AUGUSTA — Touring Maine Virtual Academy is not like touring other schools.

There’s no chalk dust, books or sounds of locker doors slamming.

There are cubicles, offices, conference rooms and file cabinets of the kind you could find in any office building.

On Tuesday, board members, teachers and administrators celebrated the academy’s new facility in the Ballard Center and the opening of the virtual charter school — the state’s second — which earned a go-ahead in February from the Maine Charter School Commission.

“This is so exciting and so heartening to see,” said Judith Jones, chairwoman of the Maine Association for Charter Schools.

Because the school, which is public, is operated online, students in grades 7 through 12 from across the state can enroll and pursue their education.

As of Tuesday, the enrollment was 288, up from 277 on Oct. 1. The school’s enrollment is capped at 297. Beth Lorigan, chief executive officer of the academy, said once that point is reached, prospective students will go on a waiting list. Enrollment is likely to fluctuate, as some students may decide to return to their former schools and other students may opt to give the virtual academy a try, Lorigan said.

Daniel Weeks, who teaches the upper-level mathematics classes, said the education is student-centered; they control their own learning. Weeks meets virtually with his students once a week for hourlong classes, and he meets with them individually if they need more help or explanation. During classes, he can poll students to see whether they understand the concepts being taught, and they can ring in with questions or register their comprehension via emoticons.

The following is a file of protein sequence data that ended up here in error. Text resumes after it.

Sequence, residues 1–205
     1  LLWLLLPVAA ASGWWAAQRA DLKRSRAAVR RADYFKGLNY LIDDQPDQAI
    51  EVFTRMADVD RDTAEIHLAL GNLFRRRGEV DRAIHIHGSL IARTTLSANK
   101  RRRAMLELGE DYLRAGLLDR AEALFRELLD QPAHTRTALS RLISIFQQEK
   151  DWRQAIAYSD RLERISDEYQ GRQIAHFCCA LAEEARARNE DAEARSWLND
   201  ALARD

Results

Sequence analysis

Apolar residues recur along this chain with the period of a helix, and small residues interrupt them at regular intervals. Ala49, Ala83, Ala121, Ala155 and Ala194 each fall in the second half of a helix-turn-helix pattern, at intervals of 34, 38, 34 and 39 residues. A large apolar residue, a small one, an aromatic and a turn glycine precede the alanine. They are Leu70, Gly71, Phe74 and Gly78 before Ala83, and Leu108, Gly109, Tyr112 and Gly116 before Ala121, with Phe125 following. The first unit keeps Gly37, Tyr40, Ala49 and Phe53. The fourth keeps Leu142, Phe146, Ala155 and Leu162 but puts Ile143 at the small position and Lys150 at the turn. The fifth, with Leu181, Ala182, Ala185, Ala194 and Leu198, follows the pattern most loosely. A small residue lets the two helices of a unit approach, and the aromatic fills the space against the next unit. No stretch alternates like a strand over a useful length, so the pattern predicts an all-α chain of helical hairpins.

“It’s been a learning curve for students,” he said.

And it’s been a learning curve for teachers. Like students in traditional schools, virtual academy students take science classes with laboratories. But rather than conduct experiments at home without benefit of laboratory safety equipment, they can do many experiments virtually or with laboratory packs that are provided to them.

“There are ways to take the data without mixing the chemicals,” teacher Paul Sasso said. Students use computers to click and drag to simulate experiments. Coming from a brick-and-mortar school, Sasso said he and other teachers were skeptical. “But they still crunch numbers and graph the data.”

The school, which contracts with the Virginia-based K12 Inc. for academic services, has 11 teachers, two of whom are special education teachers and one of whom is a guidance counselor. Lorigan said she’s still looking for a special education director.

Lorigan, who came to the charter school after serving as a school superintendent, a special services director and a teacher, said even though the classes are virtual, she and other staff members interact with students and parents when they travel the state to proctor tests.

“We want the parents and students to tell us what’s working for them and what’s not,” she said.

Maine has two virtual charter schools and five brick-and-mortar charter schools. Maine officials have imposed a cap of 10 charter schools through 2021.

Jessica Lowell — 621-5632

[email protected]

Twitter: @JLowellKJ

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